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The Dos and Don’ts of Video CVs

By Guest Writer

Updated June 12, 2019 Updated June 12, 2019

Video CVs are finding increasing traction among recruiters and offering a way for candidates to stand out from the crowd. Alongside your regular written CV, a video provides the opportunity communicate your personality to a potential employer – especially valuable in media, client-facing or marketing roles.

A video CV can be an excellent way to sell yourself – certainly more dynamic than the standard cover letter – but only if you do it right. Here are some fail-safe tips for nailing that perfect shoot.

DO: Smile!

Aside from making us happier, studies show that we look more approachable and professional when we smile. Research from Duke University suggests that we like and remember those who smile at us more than others. So if you want to stick in that recruiter’s mind, get those teeth out.

DON’T: Move too much

The camera lens is magical; it plays down certain things, and vastly magnifies others. What might seem like a normal gesture in real life will look fidgety, uncomfortable and even bizarre on-screen.

Keep hand movements existent but minimal, and your shoulders still. Face the camera, relax and speak with your feet planted on the ground. Be conscious of the ticks you acquire under pressure and control yourself where possible. While it might be good for you, fidgeting only looks nervous and unprofessional to an interviewer.

DO: Prepare well

The video CV is all about communicating your personality, but don’t fall into the trap of thinking you don’t need to prepare. Unless you want to look slow, disorganized and foolish, staring blankly at a camera screen won’t help you.

Write out your speech and practice it beforehand – then have it held behind the camera for you to read from. If you’re going to add character and verve to the passage, you need to know it like the back of your hand. And if you can’t read it live? Memorize it, using some tried and tested techniques.

DON’T: Sound like you’re reciting a script

When you watch the news, it’s easy to forget that those easy, breezy anchors are reading their dialogue off an auto-cue. That’s how you want to be: relaxed, confident and carrying off your entirely scripted speech in a charming, off-the-cuff fashion.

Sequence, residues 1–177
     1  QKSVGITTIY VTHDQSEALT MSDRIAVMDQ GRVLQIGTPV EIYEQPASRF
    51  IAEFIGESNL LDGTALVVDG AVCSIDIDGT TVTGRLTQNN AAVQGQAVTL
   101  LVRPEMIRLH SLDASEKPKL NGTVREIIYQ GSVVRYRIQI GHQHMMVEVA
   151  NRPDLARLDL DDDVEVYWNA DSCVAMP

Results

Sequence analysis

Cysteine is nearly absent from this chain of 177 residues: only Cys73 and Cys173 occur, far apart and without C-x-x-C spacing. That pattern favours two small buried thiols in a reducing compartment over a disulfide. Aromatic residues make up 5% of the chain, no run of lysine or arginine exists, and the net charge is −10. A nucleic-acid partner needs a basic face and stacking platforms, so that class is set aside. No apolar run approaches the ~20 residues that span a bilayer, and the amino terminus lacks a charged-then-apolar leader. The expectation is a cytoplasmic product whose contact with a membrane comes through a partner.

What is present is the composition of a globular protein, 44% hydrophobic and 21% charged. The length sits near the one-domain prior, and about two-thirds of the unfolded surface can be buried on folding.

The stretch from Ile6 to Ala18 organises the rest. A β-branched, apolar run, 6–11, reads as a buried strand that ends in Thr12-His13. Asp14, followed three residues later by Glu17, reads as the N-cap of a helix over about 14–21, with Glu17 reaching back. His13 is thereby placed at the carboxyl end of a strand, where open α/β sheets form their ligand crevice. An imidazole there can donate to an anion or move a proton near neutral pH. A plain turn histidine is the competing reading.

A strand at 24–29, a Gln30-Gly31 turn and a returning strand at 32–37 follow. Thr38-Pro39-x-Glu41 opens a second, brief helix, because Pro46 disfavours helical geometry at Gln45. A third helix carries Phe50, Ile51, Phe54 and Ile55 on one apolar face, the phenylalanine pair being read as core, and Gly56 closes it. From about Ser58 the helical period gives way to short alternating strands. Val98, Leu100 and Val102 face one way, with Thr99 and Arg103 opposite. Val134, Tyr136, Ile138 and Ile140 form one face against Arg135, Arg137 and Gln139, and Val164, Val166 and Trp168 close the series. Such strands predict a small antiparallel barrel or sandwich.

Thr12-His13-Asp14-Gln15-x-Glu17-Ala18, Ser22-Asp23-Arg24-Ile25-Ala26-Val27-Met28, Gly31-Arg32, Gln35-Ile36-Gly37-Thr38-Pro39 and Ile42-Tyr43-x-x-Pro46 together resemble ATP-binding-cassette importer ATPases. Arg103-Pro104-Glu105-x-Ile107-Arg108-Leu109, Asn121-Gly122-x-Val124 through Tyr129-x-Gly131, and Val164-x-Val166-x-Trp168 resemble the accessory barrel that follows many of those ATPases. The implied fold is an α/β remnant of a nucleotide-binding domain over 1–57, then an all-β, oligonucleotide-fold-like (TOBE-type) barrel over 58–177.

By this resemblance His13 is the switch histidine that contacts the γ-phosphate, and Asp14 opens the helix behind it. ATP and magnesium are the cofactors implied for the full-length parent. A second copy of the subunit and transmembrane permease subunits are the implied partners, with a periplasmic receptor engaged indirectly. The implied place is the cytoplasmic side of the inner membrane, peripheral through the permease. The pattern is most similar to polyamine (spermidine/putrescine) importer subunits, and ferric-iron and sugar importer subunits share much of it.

This is a key skill that many recruiters will be looking for. After all, if you can’t deliver a monologue effectively, how poor will your presentation skills be?

DO: Show off your personality

The point of a video CV is to communicate what a regular CV can’t – that is, you. Recruiters want to see your personality, your interests and your style. Wear something that is professional but reflects your personality – a bright shirt or a fun hair clip is within the limits. Talk about your hobbies and interests, not just your work experience.

Give the camera the best of yourself, but make sure it really is you. Don’t fake and don’t pretend. If you can’t present yourself honestly on camera, you probably shouldn’t bother with the video at all.

DON’T: Worry about covering everything

This isn’t the place to list your A levels, work experience and hard skills. Your written CV should be doing that already, and nobody likes a broken record.

DO: End the video sounding confident

A video CV is effectively a speech, and every speech needs a strong ending. This could be the moment the recruiter will remember most vividly, so make it count. Be confident but firm – no shrugs or murmurs of “I think that’s all.”

For inspiration, check out this tutorial series on how to end a speech.

DON’T: Stress it!

Video CVs are not the norm in recruiting and probably never will be. It’s an extra – a bit of fluff to bolster your core application – and should not be taken too seriously. If you honestly feel that you can’t come across well on-screen, don’t force yourself. Better to have no video than a bad one.

But if you’re going into sales or a similar role, and want to stand out from the crowd, grab a camera and get going. These days, there’s no excuse, with plenty of online video CV platforms to help you get your video noticed. And remember: no matter how awkward you think you look, there is always someone worse.

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This article was originally published in January 2017 . It was last updated in June 2019

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